Many Los Angeles musicians know protection of a copyright involves more than a handshake and a simple contract with a record company. Intellectual property abuses occur when artists don’t understand the music rights they have.
A lawsuit accuses KC & the Sunshine Band and affiliated defendants with copyright infringement. The son of a now-deceased member of the famous 70’s disco band claims his father’s music rights to solo work were trampled.
Initially, a federal court threw out the complaint claiming the horn player’s son had no right to make the claim. A second court reversed that decision and ordered the infringement case to be heard.
“Ronnie” Smith was part of KC & the Sunshine Band when the group charted its biggest dance hits. The horn player wrote an independent song called “Spank,” which was recorded and released in late 70’s by another artist, named among the defendants. Smith also released a solo album around the same time.
The copyright lawsuit alleges the musician never signed a songwriter’s agreement with Sunshine Records transferring the rights to “Spank” for royalties. Smith apparently did sign a release, when he parted ways with the record company in 1980, which did not address copyright ownership of the song.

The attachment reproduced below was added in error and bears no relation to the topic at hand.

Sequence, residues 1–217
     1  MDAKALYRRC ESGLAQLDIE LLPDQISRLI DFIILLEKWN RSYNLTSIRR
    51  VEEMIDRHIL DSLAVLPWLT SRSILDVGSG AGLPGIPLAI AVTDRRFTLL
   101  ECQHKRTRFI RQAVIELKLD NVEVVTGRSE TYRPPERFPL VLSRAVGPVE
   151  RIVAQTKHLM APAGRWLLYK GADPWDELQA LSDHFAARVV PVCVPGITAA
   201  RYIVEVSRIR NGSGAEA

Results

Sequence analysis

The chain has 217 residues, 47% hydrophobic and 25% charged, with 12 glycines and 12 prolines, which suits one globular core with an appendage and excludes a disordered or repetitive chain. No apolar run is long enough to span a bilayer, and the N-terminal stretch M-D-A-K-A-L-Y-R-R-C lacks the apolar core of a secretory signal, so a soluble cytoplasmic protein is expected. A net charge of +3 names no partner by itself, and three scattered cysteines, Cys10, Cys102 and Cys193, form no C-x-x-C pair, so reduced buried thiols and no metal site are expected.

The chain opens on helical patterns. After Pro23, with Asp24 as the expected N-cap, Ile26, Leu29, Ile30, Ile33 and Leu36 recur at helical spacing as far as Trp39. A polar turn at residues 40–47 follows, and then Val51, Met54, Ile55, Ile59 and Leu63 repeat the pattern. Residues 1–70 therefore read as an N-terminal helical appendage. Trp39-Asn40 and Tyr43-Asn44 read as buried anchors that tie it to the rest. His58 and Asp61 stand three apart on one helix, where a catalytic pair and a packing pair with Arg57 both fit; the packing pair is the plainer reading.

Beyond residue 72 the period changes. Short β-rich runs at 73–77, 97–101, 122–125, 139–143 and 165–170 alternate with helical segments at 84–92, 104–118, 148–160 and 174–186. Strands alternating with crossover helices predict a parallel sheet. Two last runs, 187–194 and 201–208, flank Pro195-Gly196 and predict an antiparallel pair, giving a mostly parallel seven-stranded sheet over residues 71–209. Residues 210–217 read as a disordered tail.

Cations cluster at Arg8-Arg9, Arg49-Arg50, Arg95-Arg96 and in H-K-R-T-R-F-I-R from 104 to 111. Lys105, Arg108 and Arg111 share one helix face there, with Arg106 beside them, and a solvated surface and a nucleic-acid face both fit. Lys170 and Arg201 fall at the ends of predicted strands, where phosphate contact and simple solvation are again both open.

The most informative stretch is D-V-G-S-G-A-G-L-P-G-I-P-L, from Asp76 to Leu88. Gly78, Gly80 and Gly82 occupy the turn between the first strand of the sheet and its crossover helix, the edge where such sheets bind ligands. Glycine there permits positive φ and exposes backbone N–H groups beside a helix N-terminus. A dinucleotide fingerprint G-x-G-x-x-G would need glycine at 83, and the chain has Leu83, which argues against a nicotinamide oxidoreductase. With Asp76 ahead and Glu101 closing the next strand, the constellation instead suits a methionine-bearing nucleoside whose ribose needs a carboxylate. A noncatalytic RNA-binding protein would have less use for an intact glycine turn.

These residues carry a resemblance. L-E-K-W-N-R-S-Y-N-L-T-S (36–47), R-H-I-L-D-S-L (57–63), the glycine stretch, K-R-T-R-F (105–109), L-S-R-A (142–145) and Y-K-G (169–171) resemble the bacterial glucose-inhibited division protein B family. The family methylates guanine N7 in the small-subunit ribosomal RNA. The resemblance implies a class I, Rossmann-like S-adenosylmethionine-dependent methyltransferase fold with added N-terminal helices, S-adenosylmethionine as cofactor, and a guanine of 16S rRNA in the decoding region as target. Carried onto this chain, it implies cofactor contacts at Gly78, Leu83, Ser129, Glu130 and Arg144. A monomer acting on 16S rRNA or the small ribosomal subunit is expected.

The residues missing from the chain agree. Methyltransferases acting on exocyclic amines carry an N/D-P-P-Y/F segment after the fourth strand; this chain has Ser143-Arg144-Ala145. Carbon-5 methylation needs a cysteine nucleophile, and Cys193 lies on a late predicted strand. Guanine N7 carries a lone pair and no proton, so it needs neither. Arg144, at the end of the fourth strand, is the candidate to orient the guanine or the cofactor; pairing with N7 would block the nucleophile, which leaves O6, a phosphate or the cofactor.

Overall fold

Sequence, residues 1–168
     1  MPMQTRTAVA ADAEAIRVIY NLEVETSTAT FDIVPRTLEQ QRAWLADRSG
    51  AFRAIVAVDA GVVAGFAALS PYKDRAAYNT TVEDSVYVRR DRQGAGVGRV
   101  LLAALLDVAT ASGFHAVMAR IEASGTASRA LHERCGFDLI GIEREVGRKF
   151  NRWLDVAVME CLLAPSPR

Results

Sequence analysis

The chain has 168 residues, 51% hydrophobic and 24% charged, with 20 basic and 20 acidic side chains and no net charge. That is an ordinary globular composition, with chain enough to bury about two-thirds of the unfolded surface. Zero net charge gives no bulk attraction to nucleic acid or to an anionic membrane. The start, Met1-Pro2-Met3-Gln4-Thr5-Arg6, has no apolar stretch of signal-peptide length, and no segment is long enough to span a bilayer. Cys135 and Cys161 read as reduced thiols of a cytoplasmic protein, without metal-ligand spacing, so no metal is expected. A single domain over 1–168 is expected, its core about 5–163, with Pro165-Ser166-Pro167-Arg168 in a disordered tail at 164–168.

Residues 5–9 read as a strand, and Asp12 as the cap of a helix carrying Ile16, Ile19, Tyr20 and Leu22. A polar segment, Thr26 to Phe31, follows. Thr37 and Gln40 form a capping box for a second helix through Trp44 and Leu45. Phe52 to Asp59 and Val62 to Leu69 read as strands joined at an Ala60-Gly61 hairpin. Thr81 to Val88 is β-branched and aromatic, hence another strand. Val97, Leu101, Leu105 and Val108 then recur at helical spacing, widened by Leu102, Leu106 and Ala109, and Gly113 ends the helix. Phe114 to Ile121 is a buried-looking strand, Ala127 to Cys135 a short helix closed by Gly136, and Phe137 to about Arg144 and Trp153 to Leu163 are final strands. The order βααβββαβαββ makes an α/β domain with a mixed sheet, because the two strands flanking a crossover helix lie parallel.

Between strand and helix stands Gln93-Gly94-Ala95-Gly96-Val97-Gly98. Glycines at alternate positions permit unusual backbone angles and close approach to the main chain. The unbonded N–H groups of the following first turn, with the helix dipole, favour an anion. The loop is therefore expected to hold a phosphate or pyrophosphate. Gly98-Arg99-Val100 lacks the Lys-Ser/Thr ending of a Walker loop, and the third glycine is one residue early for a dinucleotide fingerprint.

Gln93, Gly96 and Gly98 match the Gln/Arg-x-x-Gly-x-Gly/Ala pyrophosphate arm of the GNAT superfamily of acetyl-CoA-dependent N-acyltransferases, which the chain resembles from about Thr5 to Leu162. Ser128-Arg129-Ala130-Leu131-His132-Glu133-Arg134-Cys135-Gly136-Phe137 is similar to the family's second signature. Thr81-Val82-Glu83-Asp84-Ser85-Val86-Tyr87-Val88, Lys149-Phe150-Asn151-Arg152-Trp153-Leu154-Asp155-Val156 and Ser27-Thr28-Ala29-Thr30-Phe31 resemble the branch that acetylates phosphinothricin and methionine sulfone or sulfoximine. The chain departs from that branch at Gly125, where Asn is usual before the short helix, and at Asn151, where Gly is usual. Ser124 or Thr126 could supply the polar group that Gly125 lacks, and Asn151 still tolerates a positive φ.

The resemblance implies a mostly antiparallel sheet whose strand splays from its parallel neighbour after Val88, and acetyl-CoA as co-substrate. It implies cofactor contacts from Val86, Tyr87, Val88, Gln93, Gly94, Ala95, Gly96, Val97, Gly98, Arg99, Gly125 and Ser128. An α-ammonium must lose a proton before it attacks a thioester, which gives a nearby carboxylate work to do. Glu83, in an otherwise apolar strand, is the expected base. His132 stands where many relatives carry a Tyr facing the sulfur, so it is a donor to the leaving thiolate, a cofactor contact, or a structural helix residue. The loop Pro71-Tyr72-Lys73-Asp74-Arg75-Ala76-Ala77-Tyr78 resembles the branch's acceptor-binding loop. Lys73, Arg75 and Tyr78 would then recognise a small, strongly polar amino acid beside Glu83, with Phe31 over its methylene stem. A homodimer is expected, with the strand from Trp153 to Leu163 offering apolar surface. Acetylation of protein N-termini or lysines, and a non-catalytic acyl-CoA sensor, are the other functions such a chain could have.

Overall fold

The complaint said publisher Harrick Music, a Sunshine Records associate, registered a “Spank” copyright. In the copyright application, Harrick Music noted the song was composed by Smith but not as a “work for hire.” A work made for hire allows an employer to claim authorship of a work, rather than the employee-artist who created it.
The second court decided the musician’s estate, as the copyright’s “beneficial owner,” did have the statutory standing to move forward with the case.
Artists often don’t realize the legal protection they have or how rights can be lost through hastily-signed contracts. An attorney can make sure a musician doesn’t give up valuable rights for work he or she has worked so hard to create.
Source: Courthouse News Service, “KC & the Sunshine Band Rights Dispute Revived” Jeff D. Gorman, Jan. 24, 2014